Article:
Design Your Own Pro Listening Room at Home

Posted: Dec 30 2019Last Updated: Dec 30 2019
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30 December 2019 - As the technology for music recording has become more and more sophisticated over the past 30 years or so, it only makes sense that true music lovers want to enjoy their favorite LPs, CDs or even wav files on the best audio equipment possible. But those world-class amplifiers turntables and speakers, etc. still require the ideal room location to achieve their optimal utility.

That’s why properly setting up a dedicated music listening room in your home can be a truly rewarding endeavour, allowing you a unique refuge to surround yourself with the glorious tunes you’ve come to treasure over the years; indeed a place that accentuates all those wonderful musical details that artists, producers and sound engineers work so hard to incorporate. So, to help you craft your own top-class sound room, here are some easy tips to create the ideal listening room in your residence.
 
Interior home designs in Hong Kong often tend to provide open areas with fewer rooms, but there always seems to be those rooms/spaces that you’re not quite sure how you should make use of them. However, it’s those areas that often end up as closet space for clothing. It’s these spaces that often make for suitable sound rooms and help increase the overall enjoyment your home can provide you.
 
First of all, create a temperature-controlled space inside your home for your sound room. Nothing harms expensive electronic equipment more and faster than heat and humidity, so you need to keep your sound room cool and dry at all times even when not using it. Also, find or create at least four walls that separate your room from the rest of the house and add a door that you can close.
 
Next, allot sufficient space to stack and arrange your amplifiers, speakers, CD player, turntables, etc. Never place them flush against the wall but rather leave some room to dissipate the heat generated by your equipment and to allow quick access to the rear panels when any sound problems occur. Find yourself a truly comfortable chair with good lumbar support or use a couch so you can share your wonderful music with others. It’s also advisable to add chairs for guests and if space permits, set up some shelving to display your CDs or LPs.
 
 
When placing everything in the room, arrange it, as much as possible, in such a way so that you create an equidistant ‘audio triangle.’ So, for example with a two-channel, high-end stereo system, in order to best capture all those luscious sonic details and tonal textures,  place yourself as well as the right side speaker and left side speaker as a triangle with the distance between all three elements as equal as possible.
 
After everything is in place, play your favorite music and listen for any odd frequency anomalies like booming bass sounds or high pitch tones that annoy rather than sooth. Today’s high-end amplifiers are optimally balanced, so you probably won’t find a bass or treble adjustment knob.  It’s at this point you can make the kinds of minor corrections to improve the overall acoustic characteristics of the room. For example, you can place acoustic panels (usually 2’ x 2’ x 4”) on various walls and the ceiling to absorb unwanted rogue frequencies. Ideally these panels are made from soft foam material with deep crevices to absorb sound waves. Start by placing one or two panels behind your audio equipment or on the side walls then listen and evaluate. This will go a long way to help improve the overall acoustics of your room.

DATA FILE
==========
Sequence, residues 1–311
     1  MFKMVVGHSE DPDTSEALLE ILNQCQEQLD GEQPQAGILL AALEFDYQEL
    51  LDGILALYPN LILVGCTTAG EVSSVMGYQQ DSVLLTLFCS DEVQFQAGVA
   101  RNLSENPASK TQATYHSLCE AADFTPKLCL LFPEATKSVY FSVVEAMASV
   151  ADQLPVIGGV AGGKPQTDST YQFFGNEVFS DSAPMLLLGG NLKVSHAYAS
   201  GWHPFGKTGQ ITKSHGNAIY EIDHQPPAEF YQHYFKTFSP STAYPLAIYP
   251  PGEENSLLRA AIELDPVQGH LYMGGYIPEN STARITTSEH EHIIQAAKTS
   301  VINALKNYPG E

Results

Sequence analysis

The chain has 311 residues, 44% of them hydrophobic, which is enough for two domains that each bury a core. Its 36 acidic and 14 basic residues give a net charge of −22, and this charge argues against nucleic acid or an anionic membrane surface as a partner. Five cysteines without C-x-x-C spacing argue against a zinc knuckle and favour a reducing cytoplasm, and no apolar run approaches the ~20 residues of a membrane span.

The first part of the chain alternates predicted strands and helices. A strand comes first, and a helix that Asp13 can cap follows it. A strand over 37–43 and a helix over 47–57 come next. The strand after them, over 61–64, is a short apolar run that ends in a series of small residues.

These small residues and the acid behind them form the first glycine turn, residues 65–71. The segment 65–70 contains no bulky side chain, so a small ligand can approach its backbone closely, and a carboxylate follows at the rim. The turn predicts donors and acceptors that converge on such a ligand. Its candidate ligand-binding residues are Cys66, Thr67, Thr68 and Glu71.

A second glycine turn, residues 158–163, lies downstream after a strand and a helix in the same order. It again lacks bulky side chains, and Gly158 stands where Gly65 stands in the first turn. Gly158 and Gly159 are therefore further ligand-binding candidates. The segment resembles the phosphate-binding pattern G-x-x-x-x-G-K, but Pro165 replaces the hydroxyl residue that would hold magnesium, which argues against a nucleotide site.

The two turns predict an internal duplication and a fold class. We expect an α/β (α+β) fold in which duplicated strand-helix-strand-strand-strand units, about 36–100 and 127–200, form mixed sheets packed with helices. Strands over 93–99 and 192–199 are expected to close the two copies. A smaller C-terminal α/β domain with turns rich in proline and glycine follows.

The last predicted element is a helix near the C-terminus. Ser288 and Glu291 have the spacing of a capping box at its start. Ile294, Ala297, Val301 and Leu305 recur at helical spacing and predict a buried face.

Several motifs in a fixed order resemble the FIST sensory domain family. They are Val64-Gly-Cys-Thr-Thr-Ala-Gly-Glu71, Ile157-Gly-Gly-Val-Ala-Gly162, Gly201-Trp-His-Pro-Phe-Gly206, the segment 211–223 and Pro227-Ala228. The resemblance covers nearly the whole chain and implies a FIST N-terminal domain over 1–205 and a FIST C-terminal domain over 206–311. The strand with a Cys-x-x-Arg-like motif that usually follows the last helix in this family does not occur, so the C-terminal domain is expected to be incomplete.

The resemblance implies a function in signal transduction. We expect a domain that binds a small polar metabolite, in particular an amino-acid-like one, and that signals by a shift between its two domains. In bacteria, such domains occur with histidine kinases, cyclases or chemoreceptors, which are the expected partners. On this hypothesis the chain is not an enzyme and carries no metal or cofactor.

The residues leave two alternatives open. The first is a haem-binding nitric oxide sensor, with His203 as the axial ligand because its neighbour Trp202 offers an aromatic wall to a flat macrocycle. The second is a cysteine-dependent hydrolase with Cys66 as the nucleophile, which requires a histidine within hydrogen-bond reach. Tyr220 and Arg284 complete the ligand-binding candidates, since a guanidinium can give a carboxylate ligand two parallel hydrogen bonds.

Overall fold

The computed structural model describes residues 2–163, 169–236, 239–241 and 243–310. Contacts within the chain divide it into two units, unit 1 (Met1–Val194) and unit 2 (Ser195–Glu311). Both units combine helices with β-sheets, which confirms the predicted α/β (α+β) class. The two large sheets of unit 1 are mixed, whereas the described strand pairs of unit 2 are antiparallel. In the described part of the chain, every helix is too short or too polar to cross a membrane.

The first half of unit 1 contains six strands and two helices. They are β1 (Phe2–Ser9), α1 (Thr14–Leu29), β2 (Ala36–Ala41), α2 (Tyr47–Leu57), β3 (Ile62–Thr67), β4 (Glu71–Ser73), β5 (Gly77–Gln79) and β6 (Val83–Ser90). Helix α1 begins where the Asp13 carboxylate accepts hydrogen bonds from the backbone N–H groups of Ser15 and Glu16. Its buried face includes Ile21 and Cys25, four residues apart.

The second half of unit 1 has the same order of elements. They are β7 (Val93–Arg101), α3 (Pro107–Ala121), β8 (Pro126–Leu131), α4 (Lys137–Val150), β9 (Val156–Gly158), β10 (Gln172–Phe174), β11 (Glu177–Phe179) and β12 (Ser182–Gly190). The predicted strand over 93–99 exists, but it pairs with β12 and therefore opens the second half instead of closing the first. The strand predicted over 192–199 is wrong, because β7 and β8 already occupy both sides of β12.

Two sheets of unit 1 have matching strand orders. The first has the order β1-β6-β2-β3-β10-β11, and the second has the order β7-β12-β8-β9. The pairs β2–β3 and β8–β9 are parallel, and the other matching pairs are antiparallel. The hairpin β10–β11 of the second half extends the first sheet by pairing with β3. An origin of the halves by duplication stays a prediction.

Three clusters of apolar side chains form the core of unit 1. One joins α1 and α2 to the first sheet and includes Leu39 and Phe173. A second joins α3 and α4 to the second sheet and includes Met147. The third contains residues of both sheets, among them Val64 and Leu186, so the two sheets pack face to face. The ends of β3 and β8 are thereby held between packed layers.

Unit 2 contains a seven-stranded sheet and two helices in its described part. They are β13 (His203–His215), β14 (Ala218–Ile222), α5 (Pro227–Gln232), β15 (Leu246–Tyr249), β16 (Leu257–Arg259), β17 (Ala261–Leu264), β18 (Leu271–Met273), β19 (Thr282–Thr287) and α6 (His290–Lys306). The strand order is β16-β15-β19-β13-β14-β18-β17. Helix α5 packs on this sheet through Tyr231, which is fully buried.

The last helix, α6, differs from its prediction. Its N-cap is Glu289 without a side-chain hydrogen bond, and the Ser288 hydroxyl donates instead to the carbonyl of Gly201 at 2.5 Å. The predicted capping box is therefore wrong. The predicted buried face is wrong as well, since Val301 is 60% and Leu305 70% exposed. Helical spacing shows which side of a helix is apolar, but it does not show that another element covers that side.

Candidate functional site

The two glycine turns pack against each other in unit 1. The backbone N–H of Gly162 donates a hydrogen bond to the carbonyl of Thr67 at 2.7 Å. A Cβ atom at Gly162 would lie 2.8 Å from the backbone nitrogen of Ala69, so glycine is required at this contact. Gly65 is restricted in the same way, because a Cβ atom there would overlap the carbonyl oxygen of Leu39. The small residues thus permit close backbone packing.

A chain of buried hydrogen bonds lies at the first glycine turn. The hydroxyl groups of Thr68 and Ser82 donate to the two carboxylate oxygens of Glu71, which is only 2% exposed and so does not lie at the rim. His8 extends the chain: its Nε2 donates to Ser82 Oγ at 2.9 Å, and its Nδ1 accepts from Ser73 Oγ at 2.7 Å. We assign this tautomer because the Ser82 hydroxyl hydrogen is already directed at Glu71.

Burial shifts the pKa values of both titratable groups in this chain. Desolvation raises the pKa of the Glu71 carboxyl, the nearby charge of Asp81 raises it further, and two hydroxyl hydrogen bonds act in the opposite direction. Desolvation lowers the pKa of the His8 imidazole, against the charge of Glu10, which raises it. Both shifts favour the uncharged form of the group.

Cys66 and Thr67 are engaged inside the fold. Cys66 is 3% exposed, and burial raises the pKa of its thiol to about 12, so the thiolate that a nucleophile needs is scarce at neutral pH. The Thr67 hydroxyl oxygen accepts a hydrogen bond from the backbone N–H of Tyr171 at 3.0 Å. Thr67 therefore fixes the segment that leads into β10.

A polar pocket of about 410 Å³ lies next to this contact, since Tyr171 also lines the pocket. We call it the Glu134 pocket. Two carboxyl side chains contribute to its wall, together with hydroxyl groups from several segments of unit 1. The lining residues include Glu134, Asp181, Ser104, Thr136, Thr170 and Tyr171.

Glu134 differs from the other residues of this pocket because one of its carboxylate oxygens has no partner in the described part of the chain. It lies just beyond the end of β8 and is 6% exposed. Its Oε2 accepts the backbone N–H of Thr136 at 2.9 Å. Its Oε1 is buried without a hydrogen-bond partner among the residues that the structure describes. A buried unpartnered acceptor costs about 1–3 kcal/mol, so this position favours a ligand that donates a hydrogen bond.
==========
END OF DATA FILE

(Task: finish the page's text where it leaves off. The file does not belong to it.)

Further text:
Also, make sure to have a nice thick throw rug or carpeting on the floor to avoid sound frequencies bouncing up and down from the floor to the ceiling.  You may, in fact, find that you are content with the sound as it is in your listening room. As a result, you may feel you won’t need to deal at all with sound absorption panels. But generally, to optimise the overall listening experience, sound panels can really make a stunning difference.
 
 
Often you will see speakers set on the floor to help accentuate bass frequencies. Unless you are using dedicated bass woofers, this is wrong; your speakers should be raised at around head level or a bit higher in relation to where your head is when seated. Sitting on the floor while listening should also be avoided as it creates an unnatural sound dispersion.
 
Purists often insist that your listening room should only be for serious, focused music listening. That means no meditation, burning of incense or boozing. Other “sound pros” will dictate the exact size of the equipment you should be using or tell you in excruciating detail just what your room dimensions must be.
 
In fact, you can still derive complete enjoyment in just about any space with right high-end audio equipment, and proper speaker placement. Never let the absolute perfect be the enemy of the quite good. 
 
At the end of the day, this is a listening room for you, use it as you please. 
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